UBC Theses and Dissertations
Flood response time of small and medium forested watersheds in the western slopes of the cascades mountain range Pinto Gregori, Xavier Martin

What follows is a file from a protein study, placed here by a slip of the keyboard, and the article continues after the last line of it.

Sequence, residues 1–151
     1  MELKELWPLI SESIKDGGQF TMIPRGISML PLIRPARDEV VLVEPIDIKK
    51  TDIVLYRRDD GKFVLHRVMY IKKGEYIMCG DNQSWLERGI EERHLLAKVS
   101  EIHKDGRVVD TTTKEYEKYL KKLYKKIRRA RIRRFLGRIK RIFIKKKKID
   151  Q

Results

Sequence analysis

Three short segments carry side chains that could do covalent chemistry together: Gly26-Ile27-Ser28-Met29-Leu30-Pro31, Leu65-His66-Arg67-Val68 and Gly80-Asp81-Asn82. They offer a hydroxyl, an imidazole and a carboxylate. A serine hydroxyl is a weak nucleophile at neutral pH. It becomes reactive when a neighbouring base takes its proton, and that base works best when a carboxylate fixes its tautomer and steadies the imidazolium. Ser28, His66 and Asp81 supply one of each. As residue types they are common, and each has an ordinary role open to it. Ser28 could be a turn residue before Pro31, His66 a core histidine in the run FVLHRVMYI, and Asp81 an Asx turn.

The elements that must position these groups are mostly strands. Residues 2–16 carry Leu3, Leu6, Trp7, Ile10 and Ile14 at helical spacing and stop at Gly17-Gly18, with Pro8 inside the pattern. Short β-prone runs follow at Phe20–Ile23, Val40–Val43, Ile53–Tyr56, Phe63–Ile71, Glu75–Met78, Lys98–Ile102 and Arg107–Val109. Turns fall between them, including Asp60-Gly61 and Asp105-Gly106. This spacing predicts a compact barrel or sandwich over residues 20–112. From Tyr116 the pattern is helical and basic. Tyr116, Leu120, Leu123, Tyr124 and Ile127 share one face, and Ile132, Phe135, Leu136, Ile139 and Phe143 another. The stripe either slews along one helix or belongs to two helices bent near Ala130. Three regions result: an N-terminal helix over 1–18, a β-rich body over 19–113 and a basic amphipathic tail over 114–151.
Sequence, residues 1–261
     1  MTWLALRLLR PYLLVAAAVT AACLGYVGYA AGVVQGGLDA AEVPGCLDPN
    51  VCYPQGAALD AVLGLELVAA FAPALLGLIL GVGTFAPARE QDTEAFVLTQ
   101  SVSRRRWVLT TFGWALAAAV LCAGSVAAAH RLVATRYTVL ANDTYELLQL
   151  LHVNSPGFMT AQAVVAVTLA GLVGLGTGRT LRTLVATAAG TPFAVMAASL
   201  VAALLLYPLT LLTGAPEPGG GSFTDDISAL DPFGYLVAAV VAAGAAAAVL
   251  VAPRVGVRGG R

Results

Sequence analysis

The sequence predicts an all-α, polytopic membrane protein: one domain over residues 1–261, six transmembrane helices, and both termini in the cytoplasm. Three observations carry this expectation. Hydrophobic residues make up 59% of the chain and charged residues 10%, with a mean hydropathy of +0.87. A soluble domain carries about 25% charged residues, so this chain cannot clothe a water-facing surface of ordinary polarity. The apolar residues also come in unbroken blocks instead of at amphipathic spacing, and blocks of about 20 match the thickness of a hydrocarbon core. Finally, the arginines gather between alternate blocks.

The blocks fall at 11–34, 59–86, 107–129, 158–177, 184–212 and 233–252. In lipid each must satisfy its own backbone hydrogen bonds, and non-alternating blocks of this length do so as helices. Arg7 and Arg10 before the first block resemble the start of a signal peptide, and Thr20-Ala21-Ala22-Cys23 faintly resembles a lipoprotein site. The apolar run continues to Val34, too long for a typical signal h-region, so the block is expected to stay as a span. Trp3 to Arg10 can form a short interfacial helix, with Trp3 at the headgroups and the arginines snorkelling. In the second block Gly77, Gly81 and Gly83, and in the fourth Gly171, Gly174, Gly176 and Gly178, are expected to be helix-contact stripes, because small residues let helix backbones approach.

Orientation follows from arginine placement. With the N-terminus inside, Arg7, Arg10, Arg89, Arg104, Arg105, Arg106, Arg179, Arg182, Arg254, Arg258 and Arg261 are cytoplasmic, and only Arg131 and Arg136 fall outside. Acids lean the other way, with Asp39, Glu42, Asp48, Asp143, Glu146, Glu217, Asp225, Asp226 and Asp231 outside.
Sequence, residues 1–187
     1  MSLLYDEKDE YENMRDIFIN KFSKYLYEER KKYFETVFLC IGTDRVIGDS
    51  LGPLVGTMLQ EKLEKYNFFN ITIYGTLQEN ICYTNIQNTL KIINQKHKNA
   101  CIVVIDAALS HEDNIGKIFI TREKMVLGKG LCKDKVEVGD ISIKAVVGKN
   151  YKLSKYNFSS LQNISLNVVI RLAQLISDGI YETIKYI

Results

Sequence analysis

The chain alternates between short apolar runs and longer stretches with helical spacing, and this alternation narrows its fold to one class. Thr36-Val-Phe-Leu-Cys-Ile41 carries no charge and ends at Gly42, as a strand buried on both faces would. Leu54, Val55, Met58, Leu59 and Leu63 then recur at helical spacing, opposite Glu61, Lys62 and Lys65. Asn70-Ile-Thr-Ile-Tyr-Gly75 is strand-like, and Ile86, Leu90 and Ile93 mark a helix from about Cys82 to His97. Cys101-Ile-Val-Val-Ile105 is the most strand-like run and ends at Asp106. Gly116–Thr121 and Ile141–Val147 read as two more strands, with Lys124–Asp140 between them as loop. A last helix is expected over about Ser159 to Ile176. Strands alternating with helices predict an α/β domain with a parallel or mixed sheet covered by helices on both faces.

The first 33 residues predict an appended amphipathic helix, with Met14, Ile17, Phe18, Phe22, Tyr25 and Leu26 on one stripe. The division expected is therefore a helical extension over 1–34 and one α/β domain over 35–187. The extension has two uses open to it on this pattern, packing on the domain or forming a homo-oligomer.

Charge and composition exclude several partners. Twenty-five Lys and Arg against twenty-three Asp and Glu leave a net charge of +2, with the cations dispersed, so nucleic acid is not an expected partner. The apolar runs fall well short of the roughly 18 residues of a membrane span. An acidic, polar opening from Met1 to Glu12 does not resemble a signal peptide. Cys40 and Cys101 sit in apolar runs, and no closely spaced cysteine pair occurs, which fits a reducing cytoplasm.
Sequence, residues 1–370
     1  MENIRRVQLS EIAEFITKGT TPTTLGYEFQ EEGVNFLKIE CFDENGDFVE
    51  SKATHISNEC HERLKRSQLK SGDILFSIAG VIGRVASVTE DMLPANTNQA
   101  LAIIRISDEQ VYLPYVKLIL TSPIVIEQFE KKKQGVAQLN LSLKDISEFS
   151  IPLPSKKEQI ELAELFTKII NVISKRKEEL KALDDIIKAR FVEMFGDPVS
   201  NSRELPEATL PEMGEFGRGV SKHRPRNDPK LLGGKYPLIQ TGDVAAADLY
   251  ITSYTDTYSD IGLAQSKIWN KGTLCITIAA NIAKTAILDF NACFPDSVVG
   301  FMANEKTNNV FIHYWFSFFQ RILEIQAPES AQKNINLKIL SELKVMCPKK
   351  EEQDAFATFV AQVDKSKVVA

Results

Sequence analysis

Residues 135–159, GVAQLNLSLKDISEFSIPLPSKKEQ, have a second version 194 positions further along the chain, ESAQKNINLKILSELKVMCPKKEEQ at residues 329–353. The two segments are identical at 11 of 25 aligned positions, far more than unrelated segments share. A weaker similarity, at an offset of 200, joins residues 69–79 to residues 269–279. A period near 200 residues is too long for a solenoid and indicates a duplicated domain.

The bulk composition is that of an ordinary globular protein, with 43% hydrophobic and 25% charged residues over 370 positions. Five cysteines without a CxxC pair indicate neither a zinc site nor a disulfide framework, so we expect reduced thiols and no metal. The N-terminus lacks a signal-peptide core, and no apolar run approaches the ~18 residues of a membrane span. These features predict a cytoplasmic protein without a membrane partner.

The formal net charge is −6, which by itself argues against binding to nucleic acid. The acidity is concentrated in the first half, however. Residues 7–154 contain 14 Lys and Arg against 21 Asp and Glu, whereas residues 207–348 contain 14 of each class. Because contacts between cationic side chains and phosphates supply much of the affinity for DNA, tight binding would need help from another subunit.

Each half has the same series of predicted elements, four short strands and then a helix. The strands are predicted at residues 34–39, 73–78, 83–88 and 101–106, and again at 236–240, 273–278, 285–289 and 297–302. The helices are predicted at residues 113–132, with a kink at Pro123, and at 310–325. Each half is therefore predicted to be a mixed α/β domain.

The estimation of peak flows is important from a variety of different ecological concerns, physical processes, engineering needs, and socioeconomic reasons. Perhaps the most important parameter used in deterministic models for peak flow estimation at small-ungauged watersheds is the flood response time. This measure was used as a synonym of the time of concentration of the catchment (T[sub C]). An accurate determination of the T[sub C] is significant since deterministic models assume that the maximum annual discharge or flood will occur when the whole watershed is contributing to the streamflow after the time of concentration has elapsed. The T[sub C] as a characteristic of streamflow has been analyzed less commonly than the effects of logging and road building have on peak flows. In addition, the analysis of the time of concentration can contribute to a better understanding of streamflow processes and how these processes can be affected by management practices at the watershed level. This study investigated the time of concentration of seven catchments, ranging in scale from 0.13 to 62.4 km² , located on the H.J. Andrews (HJA) Forest, in the western slopes of the northern Cascades in Oregon. The T[sub C] was determined from hydrograph analysis as the most common minimum time of rise (T[subR]) of the hydrograph. The characteristic T[sub C] for the catchments in the HJA Forest were found to be unusually long when compared to values cited in research performed in the same region. The T[sub C] for the analyzed catchments in most of the cases was in the order of days. It was hypothesized that the long T[sub C] values in the HJA basins were a result of the combination of different factors. Firstly, the response of the hillslope was dependent on the exceedance of a threshold rainfall depth (and/or intensity) during the hydrograph rising limb that converts the system from a matrix-dominated (combination of flow through the soil matrix and the micro-topographic relief at the bedrock boundary) near-system flux to a faster pipeflowdominated hillslope hollow system (through preferential flow pathways). A reverse switching back to matrix-dominated near-system flux occurs during the stream recession as soon as perched water tables on hillslopes are dissipated. Secondly, the delivery of water to the streams was influenced by rain-on-snow events when snow falling on the basins usually remains on the ground for 3 to 4 days before melting. Finally, the water delivery to the streams was also influenced by the underlying porous volcanic bedrock surface, which creates additional meandering flowpaths, therefore, delaying the delivery of runoff to the streams. In addition, the determined T[sub C] values for the different catchments were found to be poorly correlated to the area of the watershed. Poor correlations were also found between T[sub C] and main stream length and slope. The results suggested that for the analyzed catchments the T[sub C] was independent of basin scale. Hence, traditional equations that express T[sub C] as a function of some watershed physiographic descriptors, such as area, main stream length, and slope, would not yield realistic T[sub C] estimates if used in the catchments of the HJA Forest. Furthermore, most hydrologic models used for the estimation of peak flows assume linearity in the runoff response. The effects that the rainfall intensity and peak flows had on the T[sub C] were investigated, when assessing the response of the basins in the HJA Forest. The different basins analyzed did not show a nonlinear response. Finally, the implications of the use of traditional "textbook" equations for the estimation of the T[sub C] in the basins of the HJA Forest were analyzed. It was revealed that the computed T[sub C] values were drastically underestimated if compared to the T[sub C] values determined from hydrograph analysis. When T[sub C] values computed with these traditional equations were used in peak flow estimation, the resulting peak flows (QT) were consistently overestimated.
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